Noel Field, Allen Dulles and the East European Show-Trials
Author: Tony Sharp
Stalin's American Spy tells the remarkable story of Noel Field, a Soviet agent in the US State Department in the mid-1930s. Lured to Prague in May 1949, he was kidnapped and handed over to the Hungarian secret police. Tortured by them and interrogated too by their Soviet superiors, Field's forced 'confessions' were manipulated by Stalin and his East European satraps to launch a devastating series of show-trials that led to the imprisonment and judicial murder of numerous Czechoslovak, German, Polish and Hungarian party members. Yet there were other events in his very strange career that could give rise to the suspicion that Field was an American spy who had infiltrated the Communist movement at the behest of Allen Dulles, the wartime OSS chief in Switzerland who later headed the CIA. Never tried, Field and his wife were imprisoned in Budapest until 1954, then granted political asylum in Hungary, where they lived out their sterile last years. This new biography takes a fresh look at Field's relationship with Dulles, and his role in the Alger Hiss affair. It sheds fresh light upon Soviet espionage in the United States and Field's relationship with Hede Massing, Ignace Reiss and Walter Krivitsky. It also reassesses how the increasingly anti-Semitic East European show-trials were staged and dissects the 'lessons" which Stalin sought to convey through them.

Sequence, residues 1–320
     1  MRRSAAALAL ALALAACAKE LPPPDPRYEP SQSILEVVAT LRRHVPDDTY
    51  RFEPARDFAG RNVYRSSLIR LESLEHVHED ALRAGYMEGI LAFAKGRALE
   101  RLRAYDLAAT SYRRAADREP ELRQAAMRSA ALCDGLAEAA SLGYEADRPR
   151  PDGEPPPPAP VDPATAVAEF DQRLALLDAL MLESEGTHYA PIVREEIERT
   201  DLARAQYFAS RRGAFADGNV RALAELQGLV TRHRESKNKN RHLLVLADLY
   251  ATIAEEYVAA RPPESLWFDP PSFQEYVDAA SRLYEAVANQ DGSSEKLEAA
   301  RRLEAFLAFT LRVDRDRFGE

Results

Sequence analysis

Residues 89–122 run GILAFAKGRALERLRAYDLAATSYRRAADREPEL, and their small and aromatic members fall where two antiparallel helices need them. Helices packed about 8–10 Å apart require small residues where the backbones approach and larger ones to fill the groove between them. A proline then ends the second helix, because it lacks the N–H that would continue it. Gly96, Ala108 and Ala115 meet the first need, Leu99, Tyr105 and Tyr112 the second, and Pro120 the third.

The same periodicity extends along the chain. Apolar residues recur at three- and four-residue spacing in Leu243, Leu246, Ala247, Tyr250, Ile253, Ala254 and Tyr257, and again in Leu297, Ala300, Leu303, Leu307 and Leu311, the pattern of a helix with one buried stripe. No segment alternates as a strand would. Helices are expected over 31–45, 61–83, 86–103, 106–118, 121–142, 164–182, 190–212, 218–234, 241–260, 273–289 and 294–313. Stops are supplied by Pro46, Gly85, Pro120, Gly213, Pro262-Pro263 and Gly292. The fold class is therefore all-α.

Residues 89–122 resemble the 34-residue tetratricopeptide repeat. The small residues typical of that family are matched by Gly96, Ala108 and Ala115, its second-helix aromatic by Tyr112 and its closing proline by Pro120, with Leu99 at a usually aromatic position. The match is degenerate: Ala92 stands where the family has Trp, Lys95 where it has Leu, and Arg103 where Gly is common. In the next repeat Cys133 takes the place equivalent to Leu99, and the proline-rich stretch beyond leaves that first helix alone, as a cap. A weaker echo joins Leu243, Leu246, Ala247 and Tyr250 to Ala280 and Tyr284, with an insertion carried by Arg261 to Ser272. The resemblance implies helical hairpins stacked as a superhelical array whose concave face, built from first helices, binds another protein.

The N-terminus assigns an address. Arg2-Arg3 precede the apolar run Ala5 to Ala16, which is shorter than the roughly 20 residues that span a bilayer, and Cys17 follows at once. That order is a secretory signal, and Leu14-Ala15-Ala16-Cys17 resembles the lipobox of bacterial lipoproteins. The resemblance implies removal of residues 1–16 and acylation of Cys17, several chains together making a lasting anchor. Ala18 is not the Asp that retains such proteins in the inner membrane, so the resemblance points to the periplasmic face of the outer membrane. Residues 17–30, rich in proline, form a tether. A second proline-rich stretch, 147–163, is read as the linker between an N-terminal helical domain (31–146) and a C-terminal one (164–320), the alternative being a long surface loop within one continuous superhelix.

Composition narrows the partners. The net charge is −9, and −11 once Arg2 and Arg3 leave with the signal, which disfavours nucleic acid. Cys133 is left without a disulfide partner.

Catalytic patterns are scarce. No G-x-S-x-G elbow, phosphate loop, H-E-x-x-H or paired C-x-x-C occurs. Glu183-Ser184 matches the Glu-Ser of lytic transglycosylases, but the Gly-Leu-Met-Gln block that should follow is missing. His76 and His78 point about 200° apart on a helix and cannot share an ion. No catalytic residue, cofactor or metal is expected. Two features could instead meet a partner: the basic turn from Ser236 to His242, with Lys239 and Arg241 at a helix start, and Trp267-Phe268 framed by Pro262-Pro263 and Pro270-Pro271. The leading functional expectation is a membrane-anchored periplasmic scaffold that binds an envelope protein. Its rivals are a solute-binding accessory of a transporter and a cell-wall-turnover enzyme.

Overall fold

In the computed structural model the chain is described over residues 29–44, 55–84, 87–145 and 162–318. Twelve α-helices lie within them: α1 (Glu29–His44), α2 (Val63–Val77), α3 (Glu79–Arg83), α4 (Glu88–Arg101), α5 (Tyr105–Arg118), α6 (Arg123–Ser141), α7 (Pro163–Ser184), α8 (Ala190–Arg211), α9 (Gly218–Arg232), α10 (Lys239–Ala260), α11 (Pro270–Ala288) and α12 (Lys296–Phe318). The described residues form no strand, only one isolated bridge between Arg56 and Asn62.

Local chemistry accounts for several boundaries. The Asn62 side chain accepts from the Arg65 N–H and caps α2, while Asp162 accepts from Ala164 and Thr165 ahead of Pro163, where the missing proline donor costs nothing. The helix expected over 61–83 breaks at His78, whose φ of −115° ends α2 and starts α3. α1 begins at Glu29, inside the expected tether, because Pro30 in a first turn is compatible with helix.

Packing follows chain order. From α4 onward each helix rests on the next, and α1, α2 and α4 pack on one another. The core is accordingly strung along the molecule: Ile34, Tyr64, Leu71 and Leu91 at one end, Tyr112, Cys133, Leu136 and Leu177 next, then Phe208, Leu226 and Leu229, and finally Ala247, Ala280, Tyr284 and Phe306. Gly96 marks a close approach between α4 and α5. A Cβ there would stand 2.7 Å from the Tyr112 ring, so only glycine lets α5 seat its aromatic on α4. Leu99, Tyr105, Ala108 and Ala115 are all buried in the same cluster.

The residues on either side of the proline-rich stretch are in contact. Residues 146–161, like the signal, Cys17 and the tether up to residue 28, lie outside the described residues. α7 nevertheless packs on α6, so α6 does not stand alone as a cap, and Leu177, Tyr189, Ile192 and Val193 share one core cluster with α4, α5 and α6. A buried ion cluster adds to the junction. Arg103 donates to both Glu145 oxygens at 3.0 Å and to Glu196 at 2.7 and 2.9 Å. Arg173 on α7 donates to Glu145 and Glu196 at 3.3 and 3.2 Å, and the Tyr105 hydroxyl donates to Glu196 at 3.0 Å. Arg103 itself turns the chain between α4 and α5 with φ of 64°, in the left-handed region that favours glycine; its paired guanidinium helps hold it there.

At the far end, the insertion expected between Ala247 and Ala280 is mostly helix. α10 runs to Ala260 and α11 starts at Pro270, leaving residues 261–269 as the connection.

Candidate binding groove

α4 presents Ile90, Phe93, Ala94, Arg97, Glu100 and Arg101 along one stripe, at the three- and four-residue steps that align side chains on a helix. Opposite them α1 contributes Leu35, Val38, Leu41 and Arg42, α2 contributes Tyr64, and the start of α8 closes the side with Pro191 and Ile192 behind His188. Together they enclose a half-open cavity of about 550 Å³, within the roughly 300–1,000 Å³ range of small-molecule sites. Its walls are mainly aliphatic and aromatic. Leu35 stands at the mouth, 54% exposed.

This book recuperates the important history that Haitian thought around Vodou possession has had in French critical theory. The author takes the period of the 1930s and ‘40s, as the centerfold of a more complex network of relations that places Haiti as one of the pivots of a more expanded intellectual conversation around “possession,” which links anthropology, literature, psychoanalysis, human rights, and visual arts in France, Haiti, and the United States. Benedicty argues that Haiti as the anthropological other serves as a kick-starter to an entire French-based theoretical apparatus (Breton, Leiris, Bataille, de Certeau, Foucault, and Butler), but once up and running, its role as catalyst is forgotten and the multiple iterations of the anthropological other are cast back into the net of Michel-Rolph Trouillot’s “Savage slot.” The book offers the reader unfamiliar with Haiti a comprehensive interdisciplinary study of twentieth and early twenty-first century Haitian thought, including a detailed timeline of important moments in the intellectual history that connects Haiti to France and the United States. The first part of the book is about global dispossessions in the first decades of the twentieth century; the second part points to how the narratives of ‘Haiti’ are intimately linked to a Franco-U.S.-American discursive space, constructed over the course of the twentieth century, a discursive order that has conflated the representation of ‘Haiti’ with an understanding of Vodou primarily as an occult religion, and not as a philosophical system. The third and fourth parts of the book examine how the novels of René Depestre, Jean-Claude Fignolé, and Kettly Mars have revisited the notion of possession since the fall of the Duvalier dictatorships.